Ding. Ding. Beeped the overhead seatbelt sign as we encountered another rough patch flying over the vast expanse of the Pacific Ocean on a stormy evening.
I was seated at a window and continued to stare in hope of getting a peek of clear sky. With every passing moment, however, the the storm seemed to grow more ferocious as we were engulfed in dark clouds and lightning.
“This is your captain speaking,” called out a voice over the speakers. “We are expecting more turbulence and request everyone to adopt the emergency position if instructed.”
“Meanwhile, please keep your seatbelt fastened and things should be normal soon,” announced the pilot, his voice distinctly lacking conviction. I scanned through the faces of the passengers around me. Families clasped hands, parents were reassuring their young ones and the elderly joined their hands in prayer. Not one of them looked convinced that we would be safe anytime soon as an air of distress prevailed.
I wondered what my parents would be thinking, what my family and friends would be doing, all oblivious to what peril my life, as well as that of the 227 other passengers aboard this aeroplane, was shrouded in. What would they all think if I never made it back? How would they all react? It made me think. I was never quite an optimist.
Suddenly a shuddering sound began to emanate from the starboard side, apparently from the engine and the wing began to dip sharply as well. The nervous silence was shattered by screams as people went into a panicked frenzy, however the plane leveled out again and there was an audible sigh of relief around the cabin. The plane stopped shuddering and everything abruptly seemed normal again. The aircraft was filled with a eerie silence. That’s when we began losing altitude.
Slowly at first, we began losing altitude but the real concern was when we began plummeting with short bursts as we lost altitude rapidly. The cabin lights flickered off and the engines ground to a halt and the emergency lights lit up like fireflies all around the cabin.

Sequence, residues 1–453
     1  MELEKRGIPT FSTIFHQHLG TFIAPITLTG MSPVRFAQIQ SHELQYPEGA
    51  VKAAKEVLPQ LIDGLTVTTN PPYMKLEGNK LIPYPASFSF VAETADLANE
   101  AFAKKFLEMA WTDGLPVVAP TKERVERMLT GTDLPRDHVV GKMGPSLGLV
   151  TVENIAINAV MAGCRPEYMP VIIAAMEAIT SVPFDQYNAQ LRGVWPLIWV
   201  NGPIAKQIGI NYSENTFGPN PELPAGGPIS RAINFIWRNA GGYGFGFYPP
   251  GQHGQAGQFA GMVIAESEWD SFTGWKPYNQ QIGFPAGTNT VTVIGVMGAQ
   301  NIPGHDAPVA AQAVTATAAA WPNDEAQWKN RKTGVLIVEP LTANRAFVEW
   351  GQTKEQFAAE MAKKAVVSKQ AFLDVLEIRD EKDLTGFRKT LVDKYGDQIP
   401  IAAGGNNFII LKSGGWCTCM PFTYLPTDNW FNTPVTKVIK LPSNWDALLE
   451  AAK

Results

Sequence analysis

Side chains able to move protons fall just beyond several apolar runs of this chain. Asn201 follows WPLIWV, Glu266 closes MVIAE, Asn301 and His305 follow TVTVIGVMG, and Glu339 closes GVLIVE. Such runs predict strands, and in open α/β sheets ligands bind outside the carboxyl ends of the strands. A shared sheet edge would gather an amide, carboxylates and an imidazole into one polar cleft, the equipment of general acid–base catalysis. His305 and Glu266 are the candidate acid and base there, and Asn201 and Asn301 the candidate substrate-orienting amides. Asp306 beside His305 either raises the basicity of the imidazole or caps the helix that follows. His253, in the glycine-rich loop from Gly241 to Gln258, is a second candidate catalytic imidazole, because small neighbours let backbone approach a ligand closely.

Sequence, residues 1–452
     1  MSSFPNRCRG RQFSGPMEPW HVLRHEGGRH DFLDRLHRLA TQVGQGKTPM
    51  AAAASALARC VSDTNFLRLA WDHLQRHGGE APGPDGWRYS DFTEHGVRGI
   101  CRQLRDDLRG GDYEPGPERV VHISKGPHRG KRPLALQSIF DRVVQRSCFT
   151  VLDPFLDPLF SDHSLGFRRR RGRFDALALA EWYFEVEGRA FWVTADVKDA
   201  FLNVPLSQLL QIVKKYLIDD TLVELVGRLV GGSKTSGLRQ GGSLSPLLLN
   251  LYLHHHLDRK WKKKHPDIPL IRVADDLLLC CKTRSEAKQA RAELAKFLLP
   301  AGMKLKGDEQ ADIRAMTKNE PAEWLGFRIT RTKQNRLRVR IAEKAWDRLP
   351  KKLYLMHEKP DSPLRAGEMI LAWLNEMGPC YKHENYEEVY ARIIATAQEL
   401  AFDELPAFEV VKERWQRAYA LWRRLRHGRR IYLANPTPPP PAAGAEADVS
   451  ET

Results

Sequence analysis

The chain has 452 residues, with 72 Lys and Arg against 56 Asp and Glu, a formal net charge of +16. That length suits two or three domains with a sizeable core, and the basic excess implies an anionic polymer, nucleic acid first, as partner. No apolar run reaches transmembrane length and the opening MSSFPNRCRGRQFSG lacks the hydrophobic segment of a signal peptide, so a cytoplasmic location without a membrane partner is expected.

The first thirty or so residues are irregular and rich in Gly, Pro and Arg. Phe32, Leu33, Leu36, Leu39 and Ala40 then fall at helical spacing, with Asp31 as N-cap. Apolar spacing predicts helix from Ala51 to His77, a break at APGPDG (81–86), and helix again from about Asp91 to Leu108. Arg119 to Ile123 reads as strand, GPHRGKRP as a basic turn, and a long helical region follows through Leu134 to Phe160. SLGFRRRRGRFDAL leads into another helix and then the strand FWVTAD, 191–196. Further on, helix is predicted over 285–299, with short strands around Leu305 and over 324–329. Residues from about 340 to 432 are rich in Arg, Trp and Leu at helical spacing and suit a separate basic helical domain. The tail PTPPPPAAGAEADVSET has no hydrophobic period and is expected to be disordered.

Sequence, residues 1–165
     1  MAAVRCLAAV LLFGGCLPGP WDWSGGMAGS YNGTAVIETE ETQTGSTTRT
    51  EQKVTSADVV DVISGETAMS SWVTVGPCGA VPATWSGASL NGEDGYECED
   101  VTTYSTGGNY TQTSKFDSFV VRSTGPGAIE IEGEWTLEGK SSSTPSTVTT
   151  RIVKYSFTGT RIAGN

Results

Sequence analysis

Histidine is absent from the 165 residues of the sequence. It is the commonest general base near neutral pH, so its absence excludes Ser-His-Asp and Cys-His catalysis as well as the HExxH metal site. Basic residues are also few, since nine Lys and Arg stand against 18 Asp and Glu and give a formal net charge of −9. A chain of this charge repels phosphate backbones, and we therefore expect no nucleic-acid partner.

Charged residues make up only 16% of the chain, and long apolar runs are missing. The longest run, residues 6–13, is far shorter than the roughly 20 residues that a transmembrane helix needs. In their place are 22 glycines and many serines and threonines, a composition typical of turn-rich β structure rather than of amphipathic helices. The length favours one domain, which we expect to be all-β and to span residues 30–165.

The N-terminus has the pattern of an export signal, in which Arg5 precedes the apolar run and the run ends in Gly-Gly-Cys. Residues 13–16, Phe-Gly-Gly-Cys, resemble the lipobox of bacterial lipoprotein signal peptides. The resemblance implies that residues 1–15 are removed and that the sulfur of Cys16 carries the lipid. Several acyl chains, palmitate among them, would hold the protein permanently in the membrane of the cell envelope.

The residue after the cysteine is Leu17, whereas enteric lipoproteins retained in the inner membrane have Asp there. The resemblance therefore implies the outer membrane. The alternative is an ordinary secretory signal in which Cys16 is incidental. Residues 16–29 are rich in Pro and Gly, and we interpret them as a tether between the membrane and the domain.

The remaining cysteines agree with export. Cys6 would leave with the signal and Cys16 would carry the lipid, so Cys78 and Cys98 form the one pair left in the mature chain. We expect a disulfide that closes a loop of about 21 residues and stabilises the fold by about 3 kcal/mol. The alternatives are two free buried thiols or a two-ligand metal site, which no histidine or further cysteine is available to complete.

The pilot’s announcement only confirmed our fears. We were out of fuel, without a landing strip in sight and landing in the middle of the vast Pacific during a storm did was not a viable option.The nearest island with an airstrip was about half an hour away. It all seemed to play out like one of those action movies.
We weren’t going to make it, said the pessimist in me. Death was imminent and I found myself surprisingly calm in the face of it. I looked around and saw tear streaked faces and lips moving ferociously in prayer, rosaries clasped. I closed my eyes. Took a deep breath and let the fact sink in and it frustrated me. I wished I could tell all the people who mattered to me and tell them I was calm and prepared to die and that I would miss them, thanking them for everything. Of course this all was not possible so I plugged in my earphones and played some soothing music. My head swirled with memories as I sat in deep thought. I could feel death’s icy breath over my shoulder.
The plane stalled in the sky and then proceeded to plummet into a rapid drop. A deafing cacophony of prayers and screams erupted and all at once nothing.
Unbroken silence, a feeling of peace and serenity. Death’s chilly arms wrapped around us in an emotionless embrace and it was over just like that.